- Written by E. Martin Davidoff
In practicing before the IRS regarding collection matters, penalty abatements and examinations, I have found certain "rules of engagement" helpful.
1. Never volunteer information, unless it is part of a strategy.
The IRS often asks us a lot of questions. To appear cooperative and move the case along, it is in our best interest to answer all questions directly, succinctly and narrowly. Answer the question and offer nothing more. On occasion, you may wish to strategically provide additional information to the auditor. For instance, sometimes volunteering information in one area may move the IRS away from asking questions in other, more difficult, areas. In other situations you are trying to provide the IRS employee a human perspective on the client (i.e. Taxpayer's mom died last December after fighting lung cancer for five years. Taxpayer would visit her every day!).
2. Never provide materials/documents to the IRS that you have not reviewed carefully — bank statements, paycheck stubs, credit card statements, etc.
The documents may contain information that is not helpful to your client. For example, in the context of determining the amount of an installment agreement, the IRS requests three months of recent bank statements to support your disclosures in form 433. In such cases, I will secure six months of recent bank statements from my client and I will choose which three months of statements to provide the IRS. In doing so, I will total up the deposits and make sure they are consistent with my client's representations of income. In following this process, you should investigate all significant discrepancies. Familiarize yourself as to whom the checks have been written to, for what purposes, and in what amounts. In choosing which three months of statements you are providing the IRS, you are still meeting their requirements, but you are doing so on your terms and in good defense of your client.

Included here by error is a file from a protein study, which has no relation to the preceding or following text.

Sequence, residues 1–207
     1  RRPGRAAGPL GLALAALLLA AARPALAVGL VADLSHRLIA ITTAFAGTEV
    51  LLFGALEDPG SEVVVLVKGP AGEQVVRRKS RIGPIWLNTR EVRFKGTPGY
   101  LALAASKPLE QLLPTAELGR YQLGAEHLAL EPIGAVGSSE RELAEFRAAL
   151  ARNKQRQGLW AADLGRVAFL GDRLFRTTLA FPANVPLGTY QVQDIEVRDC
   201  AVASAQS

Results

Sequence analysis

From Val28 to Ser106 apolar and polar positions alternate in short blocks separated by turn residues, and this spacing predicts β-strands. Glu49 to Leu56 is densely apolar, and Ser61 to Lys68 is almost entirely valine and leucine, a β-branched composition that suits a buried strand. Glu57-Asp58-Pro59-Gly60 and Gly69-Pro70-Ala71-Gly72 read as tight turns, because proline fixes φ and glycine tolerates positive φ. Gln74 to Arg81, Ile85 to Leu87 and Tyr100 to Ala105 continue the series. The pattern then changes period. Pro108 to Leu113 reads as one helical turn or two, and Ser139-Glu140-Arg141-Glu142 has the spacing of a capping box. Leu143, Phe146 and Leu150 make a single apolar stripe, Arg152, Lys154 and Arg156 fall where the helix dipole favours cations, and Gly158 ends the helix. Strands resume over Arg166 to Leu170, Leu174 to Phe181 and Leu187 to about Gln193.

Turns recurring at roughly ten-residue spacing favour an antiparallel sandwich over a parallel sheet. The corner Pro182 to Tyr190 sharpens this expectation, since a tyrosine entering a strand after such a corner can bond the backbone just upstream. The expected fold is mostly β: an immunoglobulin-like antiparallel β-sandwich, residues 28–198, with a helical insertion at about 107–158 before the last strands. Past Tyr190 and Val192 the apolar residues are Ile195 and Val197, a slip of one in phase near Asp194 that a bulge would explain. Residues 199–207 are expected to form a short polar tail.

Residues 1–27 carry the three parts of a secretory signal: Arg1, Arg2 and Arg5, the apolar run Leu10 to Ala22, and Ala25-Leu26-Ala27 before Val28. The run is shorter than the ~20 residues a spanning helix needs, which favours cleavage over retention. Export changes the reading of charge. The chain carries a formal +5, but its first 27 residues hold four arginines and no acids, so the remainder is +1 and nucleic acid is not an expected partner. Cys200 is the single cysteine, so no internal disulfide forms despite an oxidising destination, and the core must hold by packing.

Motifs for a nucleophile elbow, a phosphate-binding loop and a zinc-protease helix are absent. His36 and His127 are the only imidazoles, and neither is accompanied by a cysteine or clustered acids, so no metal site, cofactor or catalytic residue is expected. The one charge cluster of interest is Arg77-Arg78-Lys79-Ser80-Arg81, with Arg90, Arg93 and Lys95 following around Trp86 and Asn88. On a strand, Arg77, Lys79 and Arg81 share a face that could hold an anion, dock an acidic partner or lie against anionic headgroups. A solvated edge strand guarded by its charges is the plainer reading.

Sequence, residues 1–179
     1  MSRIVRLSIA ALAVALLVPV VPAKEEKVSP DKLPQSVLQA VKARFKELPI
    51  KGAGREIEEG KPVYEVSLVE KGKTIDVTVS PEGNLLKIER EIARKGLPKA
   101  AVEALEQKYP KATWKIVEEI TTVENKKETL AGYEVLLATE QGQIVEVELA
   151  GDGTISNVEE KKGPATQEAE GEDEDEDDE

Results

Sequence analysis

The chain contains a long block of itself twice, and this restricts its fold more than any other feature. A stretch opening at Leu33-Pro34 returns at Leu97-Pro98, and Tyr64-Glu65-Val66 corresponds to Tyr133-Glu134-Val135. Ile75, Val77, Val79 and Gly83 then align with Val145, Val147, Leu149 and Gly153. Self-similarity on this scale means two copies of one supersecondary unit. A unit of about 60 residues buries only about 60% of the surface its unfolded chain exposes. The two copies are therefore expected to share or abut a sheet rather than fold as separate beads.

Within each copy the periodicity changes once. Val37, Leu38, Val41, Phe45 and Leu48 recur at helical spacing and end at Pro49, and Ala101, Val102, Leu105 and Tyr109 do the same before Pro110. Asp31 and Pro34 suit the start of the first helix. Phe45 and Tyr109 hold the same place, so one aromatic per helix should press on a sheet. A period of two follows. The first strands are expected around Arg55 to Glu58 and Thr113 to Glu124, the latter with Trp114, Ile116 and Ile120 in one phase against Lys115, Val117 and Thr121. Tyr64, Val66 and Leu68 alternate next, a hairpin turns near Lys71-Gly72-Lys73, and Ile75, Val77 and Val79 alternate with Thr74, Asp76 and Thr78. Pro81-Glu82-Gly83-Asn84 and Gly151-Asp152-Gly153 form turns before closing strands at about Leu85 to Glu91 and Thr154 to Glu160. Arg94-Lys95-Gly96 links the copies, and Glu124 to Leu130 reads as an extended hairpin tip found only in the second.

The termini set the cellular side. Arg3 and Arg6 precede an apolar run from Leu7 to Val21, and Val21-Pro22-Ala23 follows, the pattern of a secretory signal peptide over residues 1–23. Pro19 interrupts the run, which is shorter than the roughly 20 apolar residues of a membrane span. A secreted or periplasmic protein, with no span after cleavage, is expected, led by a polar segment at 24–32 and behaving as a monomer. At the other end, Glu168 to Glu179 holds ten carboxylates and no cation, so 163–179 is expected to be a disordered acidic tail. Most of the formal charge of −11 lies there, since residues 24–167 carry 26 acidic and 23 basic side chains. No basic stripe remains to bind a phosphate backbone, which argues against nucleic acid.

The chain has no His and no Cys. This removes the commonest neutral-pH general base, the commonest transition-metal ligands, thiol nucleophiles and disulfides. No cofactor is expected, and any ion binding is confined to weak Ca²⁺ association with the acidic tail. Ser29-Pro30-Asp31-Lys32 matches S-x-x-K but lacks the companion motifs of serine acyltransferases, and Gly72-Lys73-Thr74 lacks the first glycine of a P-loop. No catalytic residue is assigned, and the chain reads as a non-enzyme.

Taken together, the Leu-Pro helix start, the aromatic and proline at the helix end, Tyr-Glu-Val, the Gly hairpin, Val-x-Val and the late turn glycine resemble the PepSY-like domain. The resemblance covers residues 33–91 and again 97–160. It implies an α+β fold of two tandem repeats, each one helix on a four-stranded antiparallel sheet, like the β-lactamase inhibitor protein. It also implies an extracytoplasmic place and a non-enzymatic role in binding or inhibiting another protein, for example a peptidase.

3. Assert yourself as appropriate.
One way of doing so is to learn how to say phrases such as:
- "Please give me your manager's name and phone number."
- "What is your authority for that position?"
- "Who is your territory manager?"
- "Are you refusing to provide that information to me?"
From first line staffers at the IRS 800 numbers all the way up to Appeal Officers, I have found that these phrases enable me to secure a clear chain of command and a true understanding of the positions the IRS is taking. On several occasions, the IRS has cited authority — a case or IRM section — for their position that actually supported my contention. In such situations the IRS representative had not carefully read the authority or was simply bluffing, figuring that I would not take the time to read the cited authority. In one Appeal involving tens of thousands of dollars, the Appeals Officer told me that there was a case on point supporting the IRS position. I presumed he was correct and politely asked him to send me the case before issuing his report. I followed up after the conference with several phone calls and faxes. After about a month, the Appeals Officer simply told me he was finding in my favor, never providing the case on point nor admitting that there was no such case supporting his position to begin with!
In the rare case that a Revenue Officer refuses to provide me the name and telephone number of his/her manager, I will say "Let me make this very clear. I have asked for the name and phone number of your manager and you are refusing to provide that information to me. Do I have that right?" Four out of five times such an assertive technique when making reasonable requests will secure the information you are seeking. (Those who work on the "800" numbers are not allowed to provide their managers phone numbers, but still should provide the name of their manager when asked. They should offer to provide a manager callback within 48 hours.)
4. Always ask for the full name and employee ID number.
When calling the IRS be sure to get the ID number of each and every IRS employee you speak with, as well as the correct spellings of their names. This should be done at the beginning of each conversation, before the possibility of the call becoming contentious. By doing so, you will able to backtrack to that individual if you find that behavior inappropriate or exemplary. Reporting both kinds of behavior to IRS management will likely make your feedback more effective and provide you with a reputation as a practitioner who is both fair and tenacious in representing your clients.